Frederick Barthelme 1943–
American short story writer and novelist.
The following entry presents an overview of Barthelme's career through 1997. For further information on his life and works, see CLC, Volume 36.
Frederick Barthelme is a minimalist writer in the tradition of Ernest Hemingway who has developed a strong cult following. He vividly describes contemporary American urban landscapes, replete with neon signs, strip malls, and fast food joints, and meticulously catalogues the superabundance of brand-name objects to emphasize the depersonalized nature of his characters and their lives.
Barthelme was born in Houston, Texas, on October 10, 1943, to Donald Barthelme, an architect, and Helen Barthelme, a teacher. Barthelme's initial interest was not in literature; instead, he studied architecture, played in a rock band, and worked as an artist. He studied at Tulane University from 1961 to 1962, the University of Houston from 1962–65, then again in 1966–67, and the Museum of Fine Art in Houston from 1965 to 1966. Barthelme's art work was featured in exhibitions in both Houston and New York City from 1965 until 1974. His early work featured ordinary objects, and then he turned his attention to conceptual art. Barthelme studied creative writing with his older brother Donald and with John Barth, both noted writers of experimental fiction. His first two books, Rangoon (1970), a collection of short stories, and War and War (1971), a novel, were both very experimental. In 1981 he began publishing short stones in periodicals such as the New Yorker. The first of his books to receive critical attention was the short story collection Moon Deluxe (1983), which was followed by the acclaimed novel Second Marriage (1984).
The stories in Barthelme's collection Moon Deluxe tackle a theme which runs throughout his fiction: relations between the sexes. The stories focus on middle-aged men struggling as their relationships dissolve and marriages end. The men are lost and lonely, and they become involved in relationships with often bizarre young women. The women in Barthelme's stories are stronger and more aggressive than the male protagonists, and they are often more vibrant and interesting. Barthelme's fiction portrays contemporary American society and the loss of traditional values. Barthelme's characters drift through life without a higher power or moral code to follow—rules are arbitrary and ignored; people are unsure of their own feelings making their relationships casual and tentative. Characters look to the everyday world and ordinary events to fill the void, and Barthelme creates a sense of wonder through his depiction of the commonplace. Two against One (1988) follows another of Barthelme's middle-aged protagonists beginning just after his breakup with his wife. There is also the typical Barthelme love triangle involving Edward, his wife Elise, and her lover Roscoe, but the novel represents a departure from Barthelme's usual style as he delves more deeply into his characters inner lives. In Natural Selection (1990) Barthelme again focuses on the dissolution of a marriage, but the tone of this novel is darker and more despairing than his earlier work. The Brothers (1993) tells the story of Del as he begins a new life following his divorce. First he has an affair with his brother's wife and then begins a relationship with a much younger woman, Jen, who is vibrant and exciting. Barthelme picks up Del and Jen's story again in Painted Desert (1995) as the couple searches for meaning while they randomly travel through the American West.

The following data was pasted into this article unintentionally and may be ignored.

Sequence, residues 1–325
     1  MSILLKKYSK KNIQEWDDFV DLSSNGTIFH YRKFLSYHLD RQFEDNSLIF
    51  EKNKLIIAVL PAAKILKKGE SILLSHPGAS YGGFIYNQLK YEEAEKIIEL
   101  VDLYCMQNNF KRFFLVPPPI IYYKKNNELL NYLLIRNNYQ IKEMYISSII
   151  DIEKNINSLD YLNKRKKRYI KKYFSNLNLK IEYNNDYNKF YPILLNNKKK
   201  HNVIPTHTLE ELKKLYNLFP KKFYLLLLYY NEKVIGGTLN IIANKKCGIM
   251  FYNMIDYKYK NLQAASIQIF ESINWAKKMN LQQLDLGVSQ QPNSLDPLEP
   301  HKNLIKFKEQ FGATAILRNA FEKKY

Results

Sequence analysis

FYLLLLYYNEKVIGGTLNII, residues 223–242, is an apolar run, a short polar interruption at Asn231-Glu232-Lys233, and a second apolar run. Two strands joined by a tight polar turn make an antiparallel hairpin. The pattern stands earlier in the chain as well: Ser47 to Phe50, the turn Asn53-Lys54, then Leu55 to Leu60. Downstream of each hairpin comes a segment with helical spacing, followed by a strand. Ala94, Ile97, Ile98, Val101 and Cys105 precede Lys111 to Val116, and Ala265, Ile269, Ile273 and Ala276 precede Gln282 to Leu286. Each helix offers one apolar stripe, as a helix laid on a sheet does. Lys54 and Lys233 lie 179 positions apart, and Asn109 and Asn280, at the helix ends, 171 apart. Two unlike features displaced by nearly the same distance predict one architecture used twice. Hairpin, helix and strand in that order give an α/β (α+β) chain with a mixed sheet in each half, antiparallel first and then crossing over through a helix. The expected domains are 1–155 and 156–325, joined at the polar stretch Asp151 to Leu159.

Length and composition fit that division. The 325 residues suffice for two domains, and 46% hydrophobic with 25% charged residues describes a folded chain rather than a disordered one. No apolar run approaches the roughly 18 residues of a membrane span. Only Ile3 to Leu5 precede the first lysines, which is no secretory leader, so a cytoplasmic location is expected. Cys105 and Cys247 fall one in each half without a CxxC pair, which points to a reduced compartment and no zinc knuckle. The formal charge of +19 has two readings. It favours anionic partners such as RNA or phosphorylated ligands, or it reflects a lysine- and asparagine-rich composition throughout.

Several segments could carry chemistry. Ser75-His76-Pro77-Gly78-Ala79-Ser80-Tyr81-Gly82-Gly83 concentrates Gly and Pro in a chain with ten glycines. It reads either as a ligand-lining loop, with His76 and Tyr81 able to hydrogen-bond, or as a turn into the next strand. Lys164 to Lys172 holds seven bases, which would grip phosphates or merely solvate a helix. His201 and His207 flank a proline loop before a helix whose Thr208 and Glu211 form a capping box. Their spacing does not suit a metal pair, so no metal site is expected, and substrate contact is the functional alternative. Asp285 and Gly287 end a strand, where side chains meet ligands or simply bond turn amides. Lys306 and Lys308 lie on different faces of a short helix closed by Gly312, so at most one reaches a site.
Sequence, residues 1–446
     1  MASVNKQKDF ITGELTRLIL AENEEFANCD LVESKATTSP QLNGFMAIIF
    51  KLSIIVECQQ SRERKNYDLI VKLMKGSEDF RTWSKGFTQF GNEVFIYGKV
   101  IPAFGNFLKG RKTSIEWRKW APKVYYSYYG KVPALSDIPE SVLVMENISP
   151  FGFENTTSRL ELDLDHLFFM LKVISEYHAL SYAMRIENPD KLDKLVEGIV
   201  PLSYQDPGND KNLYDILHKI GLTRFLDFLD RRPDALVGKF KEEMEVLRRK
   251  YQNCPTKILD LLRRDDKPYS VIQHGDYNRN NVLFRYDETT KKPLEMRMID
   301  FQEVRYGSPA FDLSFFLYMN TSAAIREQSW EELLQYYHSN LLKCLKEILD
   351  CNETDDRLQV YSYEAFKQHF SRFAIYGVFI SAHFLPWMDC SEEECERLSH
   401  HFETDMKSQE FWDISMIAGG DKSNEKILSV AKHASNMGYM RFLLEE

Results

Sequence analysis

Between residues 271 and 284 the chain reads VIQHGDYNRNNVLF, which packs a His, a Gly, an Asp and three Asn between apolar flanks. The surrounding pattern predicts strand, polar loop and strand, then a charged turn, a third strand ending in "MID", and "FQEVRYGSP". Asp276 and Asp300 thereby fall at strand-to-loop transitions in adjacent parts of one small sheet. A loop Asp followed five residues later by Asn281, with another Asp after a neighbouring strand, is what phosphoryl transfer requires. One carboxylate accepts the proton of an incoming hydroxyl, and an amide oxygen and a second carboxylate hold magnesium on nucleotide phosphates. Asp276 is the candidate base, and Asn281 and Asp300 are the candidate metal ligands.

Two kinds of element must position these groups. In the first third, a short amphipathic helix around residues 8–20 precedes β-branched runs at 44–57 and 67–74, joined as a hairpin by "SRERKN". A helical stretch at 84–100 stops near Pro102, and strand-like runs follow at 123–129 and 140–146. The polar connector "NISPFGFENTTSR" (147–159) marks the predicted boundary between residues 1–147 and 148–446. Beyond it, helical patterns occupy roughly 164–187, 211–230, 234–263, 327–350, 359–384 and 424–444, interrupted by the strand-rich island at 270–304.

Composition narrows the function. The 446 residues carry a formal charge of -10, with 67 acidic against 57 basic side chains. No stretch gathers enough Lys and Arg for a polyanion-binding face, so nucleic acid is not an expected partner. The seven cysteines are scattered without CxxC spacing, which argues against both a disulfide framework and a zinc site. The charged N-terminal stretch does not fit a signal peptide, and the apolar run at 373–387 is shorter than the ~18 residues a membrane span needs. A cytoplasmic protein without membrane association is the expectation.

Reviewers often refer to Barthelme as a minimalist writer. Richard Eder even asserts that Moon Deluxe is "a nearly perfect minimalist work." The most often repeated praise concerning Barthelme's work is his ability to portray the contemporary American landscape. Barthelme is also noted for his straightforward style and skillful use of dialogue. In describing Barthelme's writing, Alan Cheuse says, "Barthelme tries time after time to strip away the excess in our lives [and the fat in our rhetoric] to produce a story both usefully spare and accidentally beautiful." Reviewers note that the characters in Barthelme's world are often emotionally ravaged and seem to reappear throughout his fiction with different names. Bette Pesetsky asserts that "Mr. Barthelme's male narrators change names but only occasionally identities. They have no discernible past beyond the woman who left yesterday." In addition to the lack of variety between protagonists from book to book, reviewers complain that the characters are two-dimensional and don't have enough of an inner life. Pesetsky states: "There is no question that Mr. Barthelme creates a landscape that has life. What we want is more of the human spirits who populate this world." As Barthelme's career has progressed, however, reviewers have noticed the addition of more interior reflection in his work, particularly in Two against One and Natural Selection. Francine Prose notes, "Two against One is by far the most powerful, disturbing and interior of Mr. Bartheime's fictions, inviting us to be flies on the wall of a particularly shadowy and unwelcoming corner of its hero's psyche." Despite the many assets reviewers have discovered in Bartheime's fiction, the most sweeping complaint against his work is that it simply skims the surface of things and has no lasting value. Others, however, find Barthelme's ability to portray the lack of depth of contemporary American life as his greatest talent.